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'Once,' 'Atonement' Triumph In Music Oscars

Glen Hansard and Marketa Irglova won best original song for "Falling Slowly" from "Once" and Dario Marianelli won the Oscar for original score for "Atonement" at the 80th Academy Awards last night in

Glen Hansard and Marketa Irglova won best original song for "Falling Slowly" from "Once" and Dario Marianelli won the Oscar for original score for "Atonement" at the 80th Academy Awards last night in Los Angeles (Feb. 24).

"This is amazing! What are we doing here? This is mad!" said an exuberant Hansard in his acceptance speech, recounting how the film was made in three weeks with two Handi-Cams and $100,000. He exhorted the audience to "Make art! Make art!"

Irglova, who was hastily played off by the orchestra at the end of Hansard's speech, was brought back out by host Jon Stewart after a commercial break with an apology, giving her the chance to finish her remarks.

"This is such a big deal, not only for us, but for all independent musicians and artists who spend so much of their time struggling," said Irglova, who plays with Hansard in the Swell Season when the latter isn't on tour with his main band, the Frames. "No matter how far out your dreams are, it's possible ... this song was written was from a perspective of hope, and at the end of the day, hope connects us all."

"I'm very lucky because I was part of a fantastic group of people who made a fantastic film," Marianelli said in his acceptance speech. It was Marianelli's first win and second Academy Award nomination, the first coming in 2005 for "Pride & Prejudice," also directed by "Atonement" director Joe Wright.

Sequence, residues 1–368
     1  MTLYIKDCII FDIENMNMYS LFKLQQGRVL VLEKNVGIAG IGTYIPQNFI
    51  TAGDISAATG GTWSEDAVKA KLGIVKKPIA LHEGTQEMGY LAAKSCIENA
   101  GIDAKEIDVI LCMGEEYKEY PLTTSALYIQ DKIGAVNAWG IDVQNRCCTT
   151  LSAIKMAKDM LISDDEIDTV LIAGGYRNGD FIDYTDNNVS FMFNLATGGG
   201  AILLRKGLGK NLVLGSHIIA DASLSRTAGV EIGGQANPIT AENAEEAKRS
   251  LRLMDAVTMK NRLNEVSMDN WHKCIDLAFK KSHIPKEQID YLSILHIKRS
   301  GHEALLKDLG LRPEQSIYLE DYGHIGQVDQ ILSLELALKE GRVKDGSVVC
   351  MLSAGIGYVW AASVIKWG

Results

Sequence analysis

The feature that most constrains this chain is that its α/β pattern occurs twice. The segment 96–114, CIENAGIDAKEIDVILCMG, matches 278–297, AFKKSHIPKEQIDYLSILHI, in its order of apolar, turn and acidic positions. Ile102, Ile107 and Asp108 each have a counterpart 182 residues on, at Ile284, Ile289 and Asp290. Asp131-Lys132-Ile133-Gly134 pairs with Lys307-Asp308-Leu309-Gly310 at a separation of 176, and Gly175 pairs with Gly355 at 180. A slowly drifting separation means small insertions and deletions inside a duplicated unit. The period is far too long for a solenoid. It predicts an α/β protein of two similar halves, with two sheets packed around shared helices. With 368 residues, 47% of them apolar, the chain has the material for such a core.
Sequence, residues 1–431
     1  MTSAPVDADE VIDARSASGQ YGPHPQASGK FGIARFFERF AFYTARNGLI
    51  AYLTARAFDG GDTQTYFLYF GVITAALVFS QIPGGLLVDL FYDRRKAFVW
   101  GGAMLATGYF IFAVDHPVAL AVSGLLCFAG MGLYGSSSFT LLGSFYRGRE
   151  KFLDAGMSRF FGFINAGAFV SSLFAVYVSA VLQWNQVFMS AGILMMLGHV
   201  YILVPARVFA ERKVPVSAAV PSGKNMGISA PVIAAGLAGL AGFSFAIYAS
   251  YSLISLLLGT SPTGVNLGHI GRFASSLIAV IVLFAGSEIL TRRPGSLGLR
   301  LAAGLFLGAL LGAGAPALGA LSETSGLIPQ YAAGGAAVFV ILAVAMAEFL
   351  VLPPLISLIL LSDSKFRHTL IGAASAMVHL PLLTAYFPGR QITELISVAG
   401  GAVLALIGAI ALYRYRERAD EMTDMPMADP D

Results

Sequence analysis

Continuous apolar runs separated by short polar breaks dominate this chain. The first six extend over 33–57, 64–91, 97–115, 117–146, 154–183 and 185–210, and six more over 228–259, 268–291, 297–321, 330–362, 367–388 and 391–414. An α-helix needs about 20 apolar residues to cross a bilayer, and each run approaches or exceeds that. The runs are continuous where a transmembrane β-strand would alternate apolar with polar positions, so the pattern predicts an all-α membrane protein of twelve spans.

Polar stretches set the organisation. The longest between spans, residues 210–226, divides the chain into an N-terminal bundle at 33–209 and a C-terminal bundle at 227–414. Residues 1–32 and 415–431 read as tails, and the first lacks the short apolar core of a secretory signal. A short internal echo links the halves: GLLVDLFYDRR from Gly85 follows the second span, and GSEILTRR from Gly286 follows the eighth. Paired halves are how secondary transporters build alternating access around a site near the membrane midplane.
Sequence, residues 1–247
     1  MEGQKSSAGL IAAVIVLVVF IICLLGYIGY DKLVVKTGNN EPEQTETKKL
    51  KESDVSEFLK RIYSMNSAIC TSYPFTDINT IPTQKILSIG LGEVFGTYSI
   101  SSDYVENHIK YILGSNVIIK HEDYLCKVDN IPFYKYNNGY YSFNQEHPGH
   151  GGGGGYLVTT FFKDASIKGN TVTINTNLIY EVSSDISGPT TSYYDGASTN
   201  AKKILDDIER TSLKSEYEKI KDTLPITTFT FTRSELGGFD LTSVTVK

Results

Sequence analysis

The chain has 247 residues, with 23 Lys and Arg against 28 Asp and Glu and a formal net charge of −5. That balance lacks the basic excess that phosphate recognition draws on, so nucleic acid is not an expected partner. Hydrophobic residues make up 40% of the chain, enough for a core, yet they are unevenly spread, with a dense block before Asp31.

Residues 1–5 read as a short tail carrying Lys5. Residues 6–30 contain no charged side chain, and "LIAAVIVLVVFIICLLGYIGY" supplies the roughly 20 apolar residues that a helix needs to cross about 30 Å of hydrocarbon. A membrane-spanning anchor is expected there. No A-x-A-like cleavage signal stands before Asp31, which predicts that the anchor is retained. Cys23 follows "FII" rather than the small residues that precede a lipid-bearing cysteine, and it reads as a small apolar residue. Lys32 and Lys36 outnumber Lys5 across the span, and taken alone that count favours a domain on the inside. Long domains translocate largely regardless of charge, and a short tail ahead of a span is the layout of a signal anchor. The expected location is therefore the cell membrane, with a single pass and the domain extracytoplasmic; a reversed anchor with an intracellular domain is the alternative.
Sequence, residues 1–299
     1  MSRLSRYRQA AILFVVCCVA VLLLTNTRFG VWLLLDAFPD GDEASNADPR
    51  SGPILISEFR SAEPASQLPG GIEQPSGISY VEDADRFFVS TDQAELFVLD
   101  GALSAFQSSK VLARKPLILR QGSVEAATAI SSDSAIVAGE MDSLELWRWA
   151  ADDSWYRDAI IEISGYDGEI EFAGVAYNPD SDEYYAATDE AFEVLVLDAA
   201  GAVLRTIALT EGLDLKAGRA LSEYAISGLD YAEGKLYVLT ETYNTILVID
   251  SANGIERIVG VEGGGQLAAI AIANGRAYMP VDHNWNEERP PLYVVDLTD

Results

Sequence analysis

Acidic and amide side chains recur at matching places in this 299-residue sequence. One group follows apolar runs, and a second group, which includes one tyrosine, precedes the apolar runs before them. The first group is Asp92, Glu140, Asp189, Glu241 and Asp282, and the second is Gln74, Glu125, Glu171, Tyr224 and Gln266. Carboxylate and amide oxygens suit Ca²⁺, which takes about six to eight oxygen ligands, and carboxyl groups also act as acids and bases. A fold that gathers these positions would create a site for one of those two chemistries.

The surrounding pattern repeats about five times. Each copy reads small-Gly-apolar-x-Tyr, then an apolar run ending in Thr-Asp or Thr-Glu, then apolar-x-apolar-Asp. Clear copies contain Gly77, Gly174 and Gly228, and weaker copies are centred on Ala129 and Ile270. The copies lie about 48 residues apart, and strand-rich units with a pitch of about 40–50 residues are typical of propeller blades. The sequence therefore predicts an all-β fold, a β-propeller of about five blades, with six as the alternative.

As expected, the big winner on the evening was "No Country For Old Men," which won four Academy Awards, including best picture, best director for Joel and Ethan Coen, best supporting actor for Javier Bardem and the Coens again for adapted screenplay for their take on Cormac McCarthy's novel.

But there were several surprises in the acting categories; among them, Marion Cotillard won for best actress for her portrayal of Edith Piaf in "La Vie En Rose." "You've rocked my life, you've truly rocked my life!" she exclaimed to the movie's director and co-writer, Olivier Dahan. "Thank you life! Thank you love! It is true, there some angels in this city!"

The performances of the nominated songs were kicked off by a game Amy Adams, singing "Happy Working Song" from Disney's "Enchanted." The music was composed Alan Menken, with lyrics by Stephen Schwartz, one of the three songs written by the duo that were nominated from the movie.

The Impact Reperatory Theatre of Harlem, featuring the big voice of 11-year-old Jamia Simone Nash, was next with "Raise It Up" from "August Rush." Music and lyrics for the song were written by Jamal Joseph, Charles Mack and Tevin Thomas. (Nash was later brought on stage again for an impromptu game of Wii tennis with Stewart.)

The second "Enchanted" song, "That's How You Know," was performed by Kristin Chenoweth, backed up by an assortment of dancers in the evening's big stage show-style production on a faux Central Park backdrop.

Hansard and Irglova then sang "Falling Slowly" from "Once," with Irglova performing at piano and Hansard accompanying on his trusty thrashed guitar.
Wrapping up the performances was the final "Enchanted" nominee, "So Close," which was performed by Jon McLaughlin amid a ballroom of swirling princes and princesses.

Among other winners with music-related themes: "La Vie in Rose" also took home the Oscar for achievement in makeup for Didier Lavergne and Jan Archibald; best achievement in art direction went to Dante Ferretti and Freancesca Lo Schiavo for "Sweeney Todd: The Demon Barber of Fleet Street"; and "Peter & The Wolf," an interpretation of Sergei Prokofiev's classic composition, won for best animated short film for director and co-writer Suzie Templeton and producer Hugh Welchman.

RELATED: A closer look at the best original song nominees.